- Giants (22) - Sabean "has a very interesting way of evaluating," says my good friend, trying to spin the Hawkins deal nicely. They're gearing up for one more run at the division, I guess, but this can't end well. It just can't.
- Astros (27) - I heard my first Brad Lidge trade rumor the other day and was mildly surprised, but I guess it makes sense. The Astros, to me, are so far away from competing that they need a lot more before they can use a "luxury item" like a good closer (Prospectus describes them that way in the paragraph on Danys Baez). Anyway, Lidge is still striking out 14+ per 9, but this year, lefties have handled him to the tune of .368/.429/.553. I'll chalk that up to sample size, but that's a worry at this point.
- Devil Rays (25) - Pick a token all-star here... good luck. Alex Sanchez? Scott Kazmir? My money's on Toby Hall as the backup catcher for the club, because someone's gotta make it. I really want to find something positive here, but Sanchez has been their best hitter so far, with his .342/.376/.470 line. It's disappointing.
- Reds (29) - Now that the evil massage chairs have been removed, the Reds can resume winning. Oh, and someone should pick up D'Angelo Jiminez, because I still think he's an above average second baseman (hitting-wise) who sees a ton of pitches and would be an upgrade in a lot of places.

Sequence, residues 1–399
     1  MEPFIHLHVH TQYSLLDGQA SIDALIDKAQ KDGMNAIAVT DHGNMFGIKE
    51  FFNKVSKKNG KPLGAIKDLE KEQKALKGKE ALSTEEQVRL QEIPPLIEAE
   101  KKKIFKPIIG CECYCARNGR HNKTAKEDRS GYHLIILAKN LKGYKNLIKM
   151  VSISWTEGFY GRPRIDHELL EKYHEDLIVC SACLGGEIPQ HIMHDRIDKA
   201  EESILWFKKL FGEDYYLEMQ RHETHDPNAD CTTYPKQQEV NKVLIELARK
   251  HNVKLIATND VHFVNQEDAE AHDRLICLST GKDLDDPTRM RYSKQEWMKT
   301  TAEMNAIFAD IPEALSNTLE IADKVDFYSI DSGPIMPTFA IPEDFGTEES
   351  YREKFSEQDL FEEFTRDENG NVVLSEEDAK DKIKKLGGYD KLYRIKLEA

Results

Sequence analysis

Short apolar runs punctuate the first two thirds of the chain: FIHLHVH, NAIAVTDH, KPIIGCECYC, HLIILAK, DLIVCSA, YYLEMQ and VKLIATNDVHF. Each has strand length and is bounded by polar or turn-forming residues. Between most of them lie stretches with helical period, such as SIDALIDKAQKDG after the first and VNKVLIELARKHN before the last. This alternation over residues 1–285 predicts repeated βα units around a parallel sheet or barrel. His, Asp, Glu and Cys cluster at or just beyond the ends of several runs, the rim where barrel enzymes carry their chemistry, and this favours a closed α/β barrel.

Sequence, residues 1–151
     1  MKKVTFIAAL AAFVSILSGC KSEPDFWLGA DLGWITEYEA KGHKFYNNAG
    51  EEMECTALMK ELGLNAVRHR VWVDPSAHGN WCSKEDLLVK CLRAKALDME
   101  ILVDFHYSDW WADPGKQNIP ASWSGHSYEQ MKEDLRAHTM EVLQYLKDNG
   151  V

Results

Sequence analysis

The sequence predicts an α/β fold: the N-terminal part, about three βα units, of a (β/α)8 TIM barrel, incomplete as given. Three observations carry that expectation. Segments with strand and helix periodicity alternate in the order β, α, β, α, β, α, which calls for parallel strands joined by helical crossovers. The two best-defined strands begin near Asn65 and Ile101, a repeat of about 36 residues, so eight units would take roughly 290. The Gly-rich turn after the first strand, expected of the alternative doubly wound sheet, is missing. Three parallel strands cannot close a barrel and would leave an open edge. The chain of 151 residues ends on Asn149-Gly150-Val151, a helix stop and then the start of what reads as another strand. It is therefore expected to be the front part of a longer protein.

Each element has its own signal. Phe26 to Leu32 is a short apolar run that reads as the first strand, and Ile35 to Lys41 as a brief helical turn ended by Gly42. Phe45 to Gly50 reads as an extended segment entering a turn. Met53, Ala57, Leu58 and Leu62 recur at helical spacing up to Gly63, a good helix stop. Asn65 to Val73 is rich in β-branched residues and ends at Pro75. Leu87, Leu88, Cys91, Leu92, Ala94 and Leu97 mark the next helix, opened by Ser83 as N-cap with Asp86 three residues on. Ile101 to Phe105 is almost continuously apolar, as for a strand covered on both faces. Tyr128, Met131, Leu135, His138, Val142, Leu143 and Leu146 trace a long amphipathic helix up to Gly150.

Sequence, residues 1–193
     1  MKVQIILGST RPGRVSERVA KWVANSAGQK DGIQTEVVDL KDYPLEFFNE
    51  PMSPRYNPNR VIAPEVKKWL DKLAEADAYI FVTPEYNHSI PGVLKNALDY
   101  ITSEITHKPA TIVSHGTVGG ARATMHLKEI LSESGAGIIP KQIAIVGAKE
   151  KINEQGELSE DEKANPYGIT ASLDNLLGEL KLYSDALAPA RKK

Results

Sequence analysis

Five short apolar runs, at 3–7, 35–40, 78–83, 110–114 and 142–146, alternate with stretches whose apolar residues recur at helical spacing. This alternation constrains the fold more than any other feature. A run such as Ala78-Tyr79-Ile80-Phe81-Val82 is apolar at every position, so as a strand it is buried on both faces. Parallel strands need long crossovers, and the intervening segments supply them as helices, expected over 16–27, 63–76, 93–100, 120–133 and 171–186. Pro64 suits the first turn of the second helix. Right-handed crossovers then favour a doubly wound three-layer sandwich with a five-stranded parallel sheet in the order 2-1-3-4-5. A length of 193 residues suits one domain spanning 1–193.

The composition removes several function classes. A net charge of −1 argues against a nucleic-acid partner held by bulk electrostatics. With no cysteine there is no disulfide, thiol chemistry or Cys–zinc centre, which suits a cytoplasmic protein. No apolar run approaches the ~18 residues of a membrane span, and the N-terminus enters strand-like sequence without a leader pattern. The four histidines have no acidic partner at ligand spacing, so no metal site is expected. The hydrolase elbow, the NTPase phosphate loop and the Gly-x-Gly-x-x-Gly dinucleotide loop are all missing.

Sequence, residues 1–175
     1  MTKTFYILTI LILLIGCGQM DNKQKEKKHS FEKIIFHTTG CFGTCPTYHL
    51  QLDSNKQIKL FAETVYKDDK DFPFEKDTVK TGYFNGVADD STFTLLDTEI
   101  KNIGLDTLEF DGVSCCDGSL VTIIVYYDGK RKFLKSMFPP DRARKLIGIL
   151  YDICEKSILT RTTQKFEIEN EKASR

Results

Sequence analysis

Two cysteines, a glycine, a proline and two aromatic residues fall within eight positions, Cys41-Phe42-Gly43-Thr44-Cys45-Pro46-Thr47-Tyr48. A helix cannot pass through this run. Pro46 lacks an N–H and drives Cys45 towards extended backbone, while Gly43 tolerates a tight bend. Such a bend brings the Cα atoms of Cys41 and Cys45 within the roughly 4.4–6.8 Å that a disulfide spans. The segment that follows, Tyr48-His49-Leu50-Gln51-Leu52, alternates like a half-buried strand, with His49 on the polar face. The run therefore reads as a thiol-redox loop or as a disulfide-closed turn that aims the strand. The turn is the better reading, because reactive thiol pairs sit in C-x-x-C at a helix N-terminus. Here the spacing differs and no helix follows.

- A's (26) - At the time of writing, the A's have scored 7 runs. Gammons said it early in the year: Bobby Crosby was the least replaceable player on the A's, and I agreed wholeheartedly. I think that they'll be much better with his return and the inevitable returns to form of the slumping lineup. 92 wins and the division isn't likely anymore, unless Blanton and Haren mature really fast.
- Royals (28) - Buddy Bell. The three week searches yields Buddy Bell. That's the best you could do? Buddy Bell? On the bright side, he's 2-0 to start, and he's taken two from the Yankees.
- Rockies (30) - I know we love looking for the bright side of things, but Clint Barmes isn't any good. He's hitting .255/.296/.353 on the road and .384/.430/.636 at home. For the rest of the team, Helton's only hitting .259. It's sabermetrically sacreligious to talk about batting average as a big offensive stat, but one of Helton's hallmarks is hitting .300. Maybe the losing is getting to him psychologically? Anyway, he's still a possibility to be traded at the deadline, but I'm going to say that he'll be stuck 5280 feet up for a few more years.